We had an amusing event one summer. A big skunk set up housekeeping under our shed. The smell was intolerable at times, especially when I walked around in the shed and stirred him up. No way was I going to put up with that situation forever, especially with his mating season coming up. The skunk came out only at night, so that meant watching for him in the dark. I was intent on hunting him down with my trusty single-shot 22 rifle. He was so quiet when he came out it was impossible to know when he did. I devised a scheme to solve that problem. I stacked cans in front of his exit so he would have to move them to come out. Then I waited for him the first night in the dark with my flashlight and single-shot rifle. After a while the cans clattered and out he came. Snapping on the light, I took aim and fired off a round. Missed him a mile and he scampered out into the field. No time to reload! The same thing happened three nights in a row. When I told my good neighbor, Gary Tuschoff, the sad story, he offered to bring his much better gun and come over some night. A couple of nights later he came over and we waited for the usual clatter of cans. Finally, out came the skunk and I spotted him with my light. Gary and I both opened fire, but missed. We chased that skunk out into the field, with Gary firing and me holding the light. Gary finally got him just at the edge of the woods. Mission accomplished!

After a couple of years, the Palestine location proved to be unsatisfactory for us. It seemed that most things we needed or wanted to do could not be had in Palestine and we wound up driving the 55 miles to Tyler quite frequently. So we decided to relocate closer to Tyler. We sold the Palestine place and bought a nice home in Lindale, about 10 miles north of Tyler, where we moved in late 1980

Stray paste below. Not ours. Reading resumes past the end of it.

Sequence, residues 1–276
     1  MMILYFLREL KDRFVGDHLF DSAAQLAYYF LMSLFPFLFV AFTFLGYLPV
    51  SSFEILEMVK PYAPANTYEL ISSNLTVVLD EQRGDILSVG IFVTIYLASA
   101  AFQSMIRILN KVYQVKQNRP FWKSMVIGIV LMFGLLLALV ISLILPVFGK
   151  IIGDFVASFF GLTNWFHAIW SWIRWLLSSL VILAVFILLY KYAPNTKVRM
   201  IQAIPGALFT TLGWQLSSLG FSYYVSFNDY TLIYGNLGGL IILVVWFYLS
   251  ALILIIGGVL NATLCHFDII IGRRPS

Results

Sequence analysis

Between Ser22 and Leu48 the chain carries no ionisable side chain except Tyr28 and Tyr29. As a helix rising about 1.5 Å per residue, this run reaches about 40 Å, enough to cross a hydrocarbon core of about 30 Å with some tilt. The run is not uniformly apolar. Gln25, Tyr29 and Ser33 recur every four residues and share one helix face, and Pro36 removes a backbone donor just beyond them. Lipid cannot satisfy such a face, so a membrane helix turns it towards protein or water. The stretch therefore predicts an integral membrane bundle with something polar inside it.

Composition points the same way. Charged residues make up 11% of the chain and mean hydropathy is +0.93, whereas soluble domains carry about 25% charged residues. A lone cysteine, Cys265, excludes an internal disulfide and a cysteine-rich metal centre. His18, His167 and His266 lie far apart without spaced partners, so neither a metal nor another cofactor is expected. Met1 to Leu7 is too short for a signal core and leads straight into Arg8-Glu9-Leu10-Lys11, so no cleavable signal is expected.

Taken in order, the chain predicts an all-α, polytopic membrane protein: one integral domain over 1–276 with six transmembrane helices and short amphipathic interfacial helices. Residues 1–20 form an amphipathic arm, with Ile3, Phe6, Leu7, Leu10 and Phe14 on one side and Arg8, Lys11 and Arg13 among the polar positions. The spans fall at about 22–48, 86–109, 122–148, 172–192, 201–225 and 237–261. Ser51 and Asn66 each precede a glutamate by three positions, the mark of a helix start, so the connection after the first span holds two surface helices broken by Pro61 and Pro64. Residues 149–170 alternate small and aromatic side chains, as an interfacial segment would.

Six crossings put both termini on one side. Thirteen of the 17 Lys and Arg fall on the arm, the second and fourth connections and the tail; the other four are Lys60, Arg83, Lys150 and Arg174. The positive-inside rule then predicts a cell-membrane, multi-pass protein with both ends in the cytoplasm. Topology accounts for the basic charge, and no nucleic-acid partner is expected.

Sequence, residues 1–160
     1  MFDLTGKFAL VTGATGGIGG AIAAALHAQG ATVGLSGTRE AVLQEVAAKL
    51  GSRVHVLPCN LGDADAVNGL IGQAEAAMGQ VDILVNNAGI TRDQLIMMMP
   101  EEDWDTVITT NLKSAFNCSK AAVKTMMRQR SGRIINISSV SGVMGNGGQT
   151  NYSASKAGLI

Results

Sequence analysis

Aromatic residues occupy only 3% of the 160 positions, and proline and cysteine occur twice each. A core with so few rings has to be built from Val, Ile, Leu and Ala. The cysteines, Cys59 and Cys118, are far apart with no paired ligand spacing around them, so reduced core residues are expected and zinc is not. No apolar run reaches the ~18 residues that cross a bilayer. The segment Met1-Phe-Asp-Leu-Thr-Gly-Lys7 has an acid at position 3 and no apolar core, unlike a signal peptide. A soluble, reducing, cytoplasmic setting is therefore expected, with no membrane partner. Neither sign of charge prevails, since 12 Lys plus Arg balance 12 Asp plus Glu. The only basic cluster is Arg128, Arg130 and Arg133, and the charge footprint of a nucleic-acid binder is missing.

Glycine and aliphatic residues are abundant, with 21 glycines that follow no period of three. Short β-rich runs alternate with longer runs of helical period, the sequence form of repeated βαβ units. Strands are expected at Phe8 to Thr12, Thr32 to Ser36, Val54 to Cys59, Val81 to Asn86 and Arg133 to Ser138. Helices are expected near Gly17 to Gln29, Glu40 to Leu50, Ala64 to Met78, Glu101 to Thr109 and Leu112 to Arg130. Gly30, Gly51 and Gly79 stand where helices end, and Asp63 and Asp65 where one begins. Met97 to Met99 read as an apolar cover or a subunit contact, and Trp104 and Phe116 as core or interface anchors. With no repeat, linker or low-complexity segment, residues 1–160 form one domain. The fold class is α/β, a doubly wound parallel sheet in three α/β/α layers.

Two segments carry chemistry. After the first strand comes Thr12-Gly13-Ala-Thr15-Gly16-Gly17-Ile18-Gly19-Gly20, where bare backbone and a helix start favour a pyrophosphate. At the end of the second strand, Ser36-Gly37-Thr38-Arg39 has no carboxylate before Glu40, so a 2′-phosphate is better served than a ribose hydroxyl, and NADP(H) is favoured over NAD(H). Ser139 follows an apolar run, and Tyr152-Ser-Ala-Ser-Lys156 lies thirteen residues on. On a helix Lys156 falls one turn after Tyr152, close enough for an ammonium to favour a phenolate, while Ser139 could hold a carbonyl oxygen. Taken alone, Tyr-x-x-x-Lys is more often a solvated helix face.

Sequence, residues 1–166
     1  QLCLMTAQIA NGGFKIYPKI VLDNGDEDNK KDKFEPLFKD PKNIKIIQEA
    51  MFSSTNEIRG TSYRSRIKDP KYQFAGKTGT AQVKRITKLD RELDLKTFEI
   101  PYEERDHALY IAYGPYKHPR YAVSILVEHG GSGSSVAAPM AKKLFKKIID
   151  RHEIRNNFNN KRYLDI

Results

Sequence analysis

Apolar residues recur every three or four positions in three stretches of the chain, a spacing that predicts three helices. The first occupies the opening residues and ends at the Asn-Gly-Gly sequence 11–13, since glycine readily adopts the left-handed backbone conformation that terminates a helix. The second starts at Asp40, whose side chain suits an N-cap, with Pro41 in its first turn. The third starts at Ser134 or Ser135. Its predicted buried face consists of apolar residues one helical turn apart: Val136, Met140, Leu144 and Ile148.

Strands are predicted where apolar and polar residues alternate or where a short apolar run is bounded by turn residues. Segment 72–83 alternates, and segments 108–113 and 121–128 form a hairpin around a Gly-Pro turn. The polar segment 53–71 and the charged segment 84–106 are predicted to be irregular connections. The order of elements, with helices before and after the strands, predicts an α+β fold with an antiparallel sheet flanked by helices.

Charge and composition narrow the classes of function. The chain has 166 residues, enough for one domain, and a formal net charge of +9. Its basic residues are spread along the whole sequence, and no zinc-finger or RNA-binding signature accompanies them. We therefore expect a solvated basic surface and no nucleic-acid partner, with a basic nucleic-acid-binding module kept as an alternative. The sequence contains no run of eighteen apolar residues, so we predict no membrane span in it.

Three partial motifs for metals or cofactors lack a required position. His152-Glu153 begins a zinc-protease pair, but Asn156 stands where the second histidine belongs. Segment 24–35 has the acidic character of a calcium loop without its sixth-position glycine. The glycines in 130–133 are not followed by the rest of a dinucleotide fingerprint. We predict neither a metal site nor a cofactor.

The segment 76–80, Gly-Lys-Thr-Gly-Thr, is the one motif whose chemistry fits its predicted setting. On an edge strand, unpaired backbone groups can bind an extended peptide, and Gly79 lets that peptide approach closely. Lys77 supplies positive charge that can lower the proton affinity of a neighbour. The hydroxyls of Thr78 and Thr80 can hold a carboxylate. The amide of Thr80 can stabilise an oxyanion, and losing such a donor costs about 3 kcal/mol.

I re-established my mowing business in Lindale. Marion became interested in marketing and started selling several different products. Soon Tiger decided to move to Lindale, too, and we found a house for her. We also bought 6 acres of land a couple of miles from our house with the idea of building a house on it in the future; that didn’t happen, and we later sold the land.

In June 1983, we moved to our present home at 2622 Boldt in Tyler. We moved mostly for convenience to stores and doctors, and so Marion could have access to a greater sales market. Tiger decided to stay in Lindale, but we were able to visit her often, as it was not far to drive. She liked her place and her neighbors and did not want to make another change. I continued my self-employment and Marion branched out with handwriting analysis and doing food demos in stores.